San Juan, the search continues
With ARA San Juan (S-42) now more than 10 days overdue, with no verified communications or items found from the vessel in that period, it is looking bleak for the prospect that the German-made Type TR-1700 SSK will be found intact and the 44 souls aboard her smiling and happy.
Especially with news from the Comprehensive Nuclear-Test-Ban Treaty Organization and others that, on 15 November, they picked up an underwater non-nuclear explosion from within the area that she is thought to be lost.
If San Juan is indeed gone, it would be the largest loss of life for the Argentine Navy since the Falklands Islands conflict in 1982 and the worst peacetime submarine loss since the Russian Navy’s Kursk (K-141), a Project 949/Oscar II-class cruise missile sub, sank with all hands in 2000, reminding all that venture to sea that there is no guarantee they will come back home.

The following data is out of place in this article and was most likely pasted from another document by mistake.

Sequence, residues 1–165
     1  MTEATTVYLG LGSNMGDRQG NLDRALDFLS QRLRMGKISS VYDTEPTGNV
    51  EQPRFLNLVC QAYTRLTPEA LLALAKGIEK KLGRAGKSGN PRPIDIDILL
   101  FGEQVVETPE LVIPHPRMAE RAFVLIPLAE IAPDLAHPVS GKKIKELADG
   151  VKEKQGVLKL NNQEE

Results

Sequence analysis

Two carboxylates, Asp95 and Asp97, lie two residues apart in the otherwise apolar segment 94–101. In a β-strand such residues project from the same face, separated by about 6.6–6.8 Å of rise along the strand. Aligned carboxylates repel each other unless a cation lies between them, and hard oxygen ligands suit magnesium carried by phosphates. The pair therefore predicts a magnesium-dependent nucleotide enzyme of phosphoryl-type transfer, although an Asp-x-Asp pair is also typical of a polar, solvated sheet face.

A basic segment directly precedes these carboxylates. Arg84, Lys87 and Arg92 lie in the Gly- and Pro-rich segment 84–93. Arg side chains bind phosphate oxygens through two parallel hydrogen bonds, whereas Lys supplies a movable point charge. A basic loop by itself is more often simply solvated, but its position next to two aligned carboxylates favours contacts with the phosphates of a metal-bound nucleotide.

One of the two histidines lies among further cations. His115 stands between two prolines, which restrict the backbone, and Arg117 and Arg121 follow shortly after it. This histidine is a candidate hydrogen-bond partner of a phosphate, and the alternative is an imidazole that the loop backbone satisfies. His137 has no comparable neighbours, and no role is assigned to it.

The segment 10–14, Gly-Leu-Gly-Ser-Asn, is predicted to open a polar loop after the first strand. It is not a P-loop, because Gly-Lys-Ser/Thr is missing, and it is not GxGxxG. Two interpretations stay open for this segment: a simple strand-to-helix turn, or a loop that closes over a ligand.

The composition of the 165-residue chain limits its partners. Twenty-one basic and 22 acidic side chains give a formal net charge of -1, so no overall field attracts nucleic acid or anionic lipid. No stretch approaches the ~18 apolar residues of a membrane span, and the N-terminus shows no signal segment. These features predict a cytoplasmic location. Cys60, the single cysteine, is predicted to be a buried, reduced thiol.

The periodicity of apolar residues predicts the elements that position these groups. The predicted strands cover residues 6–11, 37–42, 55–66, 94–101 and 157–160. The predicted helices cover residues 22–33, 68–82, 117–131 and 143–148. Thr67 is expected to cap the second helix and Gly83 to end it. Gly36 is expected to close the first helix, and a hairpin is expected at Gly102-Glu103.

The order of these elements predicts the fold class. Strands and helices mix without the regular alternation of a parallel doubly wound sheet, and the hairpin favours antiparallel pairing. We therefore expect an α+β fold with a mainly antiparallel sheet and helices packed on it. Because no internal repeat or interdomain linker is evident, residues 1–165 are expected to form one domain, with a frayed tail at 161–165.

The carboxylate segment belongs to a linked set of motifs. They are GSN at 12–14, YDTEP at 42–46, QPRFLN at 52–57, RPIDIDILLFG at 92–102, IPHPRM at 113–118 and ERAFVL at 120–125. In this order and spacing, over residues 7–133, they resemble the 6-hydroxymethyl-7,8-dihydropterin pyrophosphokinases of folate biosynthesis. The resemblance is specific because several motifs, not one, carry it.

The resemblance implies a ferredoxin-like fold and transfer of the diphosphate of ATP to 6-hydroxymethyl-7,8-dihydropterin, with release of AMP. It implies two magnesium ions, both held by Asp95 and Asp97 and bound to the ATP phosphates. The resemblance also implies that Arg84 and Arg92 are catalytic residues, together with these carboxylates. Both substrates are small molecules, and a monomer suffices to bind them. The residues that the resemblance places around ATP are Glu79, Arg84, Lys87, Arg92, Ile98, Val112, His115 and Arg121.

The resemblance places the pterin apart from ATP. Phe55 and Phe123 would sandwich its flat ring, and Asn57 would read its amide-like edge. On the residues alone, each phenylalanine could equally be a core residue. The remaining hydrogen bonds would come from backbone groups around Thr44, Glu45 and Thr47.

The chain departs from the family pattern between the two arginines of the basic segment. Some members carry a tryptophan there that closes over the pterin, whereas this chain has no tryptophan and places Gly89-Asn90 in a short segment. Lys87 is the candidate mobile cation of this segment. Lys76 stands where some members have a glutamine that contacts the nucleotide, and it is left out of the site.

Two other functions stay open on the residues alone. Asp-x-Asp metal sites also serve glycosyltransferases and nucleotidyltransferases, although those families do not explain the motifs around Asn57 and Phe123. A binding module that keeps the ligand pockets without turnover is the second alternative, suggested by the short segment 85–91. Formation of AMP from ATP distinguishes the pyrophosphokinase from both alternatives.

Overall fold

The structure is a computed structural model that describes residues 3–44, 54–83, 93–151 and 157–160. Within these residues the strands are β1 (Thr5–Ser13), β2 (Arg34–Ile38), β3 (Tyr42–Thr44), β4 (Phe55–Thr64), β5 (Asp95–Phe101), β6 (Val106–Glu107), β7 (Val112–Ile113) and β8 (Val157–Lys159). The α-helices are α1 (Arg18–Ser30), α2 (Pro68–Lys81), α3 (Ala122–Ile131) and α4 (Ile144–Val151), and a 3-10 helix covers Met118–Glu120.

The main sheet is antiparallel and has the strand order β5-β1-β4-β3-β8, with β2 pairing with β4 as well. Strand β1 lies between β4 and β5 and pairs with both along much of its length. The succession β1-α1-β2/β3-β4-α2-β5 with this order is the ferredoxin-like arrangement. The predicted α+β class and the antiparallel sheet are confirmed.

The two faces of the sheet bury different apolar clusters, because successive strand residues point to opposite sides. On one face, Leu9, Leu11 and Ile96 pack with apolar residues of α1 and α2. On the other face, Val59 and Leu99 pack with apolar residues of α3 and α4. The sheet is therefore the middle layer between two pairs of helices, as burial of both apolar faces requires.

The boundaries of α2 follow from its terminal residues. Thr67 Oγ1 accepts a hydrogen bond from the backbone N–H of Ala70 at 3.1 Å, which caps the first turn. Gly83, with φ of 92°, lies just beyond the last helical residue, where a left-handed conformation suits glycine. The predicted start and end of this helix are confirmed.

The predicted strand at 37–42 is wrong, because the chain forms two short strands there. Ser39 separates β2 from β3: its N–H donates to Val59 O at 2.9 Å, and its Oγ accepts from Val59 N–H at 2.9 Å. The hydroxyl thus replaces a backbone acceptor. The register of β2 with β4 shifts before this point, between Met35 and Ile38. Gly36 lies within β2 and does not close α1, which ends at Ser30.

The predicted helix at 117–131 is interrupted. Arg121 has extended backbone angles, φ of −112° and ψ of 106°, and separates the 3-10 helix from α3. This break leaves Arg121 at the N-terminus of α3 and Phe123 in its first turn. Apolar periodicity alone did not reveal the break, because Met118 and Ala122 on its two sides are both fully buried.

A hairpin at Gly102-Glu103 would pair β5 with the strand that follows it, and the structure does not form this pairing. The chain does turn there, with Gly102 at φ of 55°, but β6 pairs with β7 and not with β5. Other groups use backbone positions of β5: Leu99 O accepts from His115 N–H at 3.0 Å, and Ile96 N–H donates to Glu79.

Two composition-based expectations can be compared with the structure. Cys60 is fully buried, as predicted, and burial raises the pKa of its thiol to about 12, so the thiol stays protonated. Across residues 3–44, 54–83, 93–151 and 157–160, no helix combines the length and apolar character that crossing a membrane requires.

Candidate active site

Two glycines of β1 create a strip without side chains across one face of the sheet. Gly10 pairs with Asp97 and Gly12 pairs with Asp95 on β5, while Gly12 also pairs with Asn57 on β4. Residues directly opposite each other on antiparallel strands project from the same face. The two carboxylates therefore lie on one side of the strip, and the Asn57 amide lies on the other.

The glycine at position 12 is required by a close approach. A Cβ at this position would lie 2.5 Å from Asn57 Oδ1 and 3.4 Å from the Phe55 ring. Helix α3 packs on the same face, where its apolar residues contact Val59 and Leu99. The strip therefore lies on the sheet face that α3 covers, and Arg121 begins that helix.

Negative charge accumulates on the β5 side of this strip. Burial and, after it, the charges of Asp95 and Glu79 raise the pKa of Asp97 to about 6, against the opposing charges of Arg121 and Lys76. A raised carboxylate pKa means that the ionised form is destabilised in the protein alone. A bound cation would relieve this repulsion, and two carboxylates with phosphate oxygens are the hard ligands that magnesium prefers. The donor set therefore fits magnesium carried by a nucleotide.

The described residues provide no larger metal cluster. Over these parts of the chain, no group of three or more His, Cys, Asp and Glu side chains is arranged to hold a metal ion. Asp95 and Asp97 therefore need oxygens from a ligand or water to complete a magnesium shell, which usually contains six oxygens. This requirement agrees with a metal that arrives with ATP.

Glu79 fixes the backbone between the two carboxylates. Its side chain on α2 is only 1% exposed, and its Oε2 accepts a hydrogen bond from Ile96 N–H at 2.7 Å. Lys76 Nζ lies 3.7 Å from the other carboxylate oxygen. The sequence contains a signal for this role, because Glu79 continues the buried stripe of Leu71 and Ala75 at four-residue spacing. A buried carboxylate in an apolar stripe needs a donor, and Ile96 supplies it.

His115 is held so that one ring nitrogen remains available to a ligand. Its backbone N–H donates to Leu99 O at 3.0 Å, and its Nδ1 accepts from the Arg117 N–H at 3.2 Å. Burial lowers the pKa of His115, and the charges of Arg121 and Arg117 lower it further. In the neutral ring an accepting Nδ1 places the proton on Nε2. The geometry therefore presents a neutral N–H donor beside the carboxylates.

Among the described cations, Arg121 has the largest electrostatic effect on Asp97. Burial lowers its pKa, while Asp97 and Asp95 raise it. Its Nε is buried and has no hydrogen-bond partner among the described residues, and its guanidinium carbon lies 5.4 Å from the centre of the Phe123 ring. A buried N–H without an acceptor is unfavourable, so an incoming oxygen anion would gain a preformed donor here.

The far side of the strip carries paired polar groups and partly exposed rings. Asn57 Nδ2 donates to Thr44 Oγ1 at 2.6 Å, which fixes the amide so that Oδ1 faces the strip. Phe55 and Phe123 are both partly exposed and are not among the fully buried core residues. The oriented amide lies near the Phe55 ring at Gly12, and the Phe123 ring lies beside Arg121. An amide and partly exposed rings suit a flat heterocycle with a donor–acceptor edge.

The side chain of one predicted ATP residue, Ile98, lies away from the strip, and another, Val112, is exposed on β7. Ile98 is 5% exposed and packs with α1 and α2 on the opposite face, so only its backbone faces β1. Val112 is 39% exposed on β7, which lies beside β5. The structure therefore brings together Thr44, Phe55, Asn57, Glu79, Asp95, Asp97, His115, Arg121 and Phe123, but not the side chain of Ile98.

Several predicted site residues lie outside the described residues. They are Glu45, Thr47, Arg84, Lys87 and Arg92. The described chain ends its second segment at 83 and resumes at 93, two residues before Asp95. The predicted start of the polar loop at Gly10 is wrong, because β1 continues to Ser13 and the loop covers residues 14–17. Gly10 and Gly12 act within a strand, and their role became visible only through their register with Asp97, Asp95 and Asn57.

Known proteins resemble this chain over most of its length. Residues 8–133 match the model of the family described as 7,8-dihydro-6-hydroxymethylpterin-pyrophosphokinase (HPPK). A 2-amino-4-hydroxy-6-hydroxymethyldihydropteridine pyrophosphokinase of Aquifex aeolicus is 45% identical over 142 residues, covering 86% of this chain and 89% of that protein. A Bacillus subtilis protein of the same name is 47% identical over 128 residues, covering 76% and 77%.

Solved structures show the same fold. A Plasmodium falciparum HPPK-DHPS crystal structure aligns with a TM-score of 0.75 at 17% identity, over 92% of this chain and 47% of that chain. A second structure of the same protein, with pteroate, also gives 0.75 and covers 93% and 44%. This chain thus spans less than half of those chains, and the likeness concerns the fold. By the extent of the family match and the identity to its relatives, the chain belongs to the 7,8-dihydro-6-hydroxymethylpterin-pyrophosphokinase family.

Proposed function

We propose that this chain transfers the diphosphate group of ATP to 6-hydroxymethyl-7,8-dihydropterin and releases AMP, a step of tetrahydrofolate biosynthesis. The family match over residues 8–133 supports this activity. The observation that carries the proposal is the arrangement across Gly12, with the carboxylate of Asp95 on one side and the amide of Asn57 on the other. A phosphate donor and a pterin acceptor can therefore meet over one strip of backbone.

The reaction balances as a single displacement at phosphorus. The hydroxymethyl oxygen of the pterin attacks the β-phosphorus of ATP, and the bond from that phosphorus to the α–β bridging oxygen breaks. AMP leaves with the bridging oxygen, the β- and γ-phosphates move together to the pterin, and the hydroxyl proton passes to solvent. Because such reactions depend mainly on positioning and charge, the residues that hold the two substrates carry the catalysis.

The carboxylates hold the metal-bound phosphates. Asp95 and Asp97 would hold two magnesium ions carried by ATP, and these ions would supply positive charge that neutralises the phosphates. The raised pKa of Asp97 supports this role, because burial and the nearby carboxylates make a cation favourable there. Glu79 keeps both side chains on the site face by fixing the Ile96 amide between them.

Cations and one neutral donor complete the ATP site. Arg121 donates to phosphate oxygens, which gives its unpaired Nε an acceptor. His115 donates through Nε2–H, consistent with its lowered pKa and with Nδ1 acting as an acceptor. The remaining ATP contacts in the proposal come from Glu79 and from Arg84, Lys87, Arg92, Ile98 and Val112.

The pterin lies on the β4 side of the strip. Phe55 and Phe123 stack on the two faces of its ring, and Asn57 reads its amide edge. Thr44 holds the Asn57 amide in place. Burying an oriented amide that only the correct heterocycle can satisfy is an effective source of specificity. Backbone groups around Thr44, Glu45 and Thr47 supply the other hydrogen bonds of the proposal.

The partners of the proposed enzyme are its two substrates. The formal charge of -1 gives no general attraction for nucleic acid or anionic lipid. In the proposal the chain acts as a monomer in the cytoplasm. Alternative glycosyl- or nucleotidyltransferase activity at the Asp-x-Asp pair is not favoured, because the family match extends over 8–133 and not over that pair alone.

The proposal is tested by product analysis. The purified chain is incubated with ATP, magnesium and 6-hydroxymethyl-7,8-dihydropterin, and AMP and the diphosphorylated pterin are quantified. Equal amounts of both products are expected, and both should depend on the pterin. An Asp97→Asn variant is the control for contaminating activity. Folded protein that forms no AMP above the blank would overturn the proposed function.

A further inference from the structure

Still, Argentine President Mauricio Macri said the search will go on.
“I’m here to guarantee you that we will carry on with the search, especially now that we have the support of all the international community,” said Macri in a speech Friday.
More than a dozen countries have assets in the region– including the U.S.– concentrating on an area the size of Spain.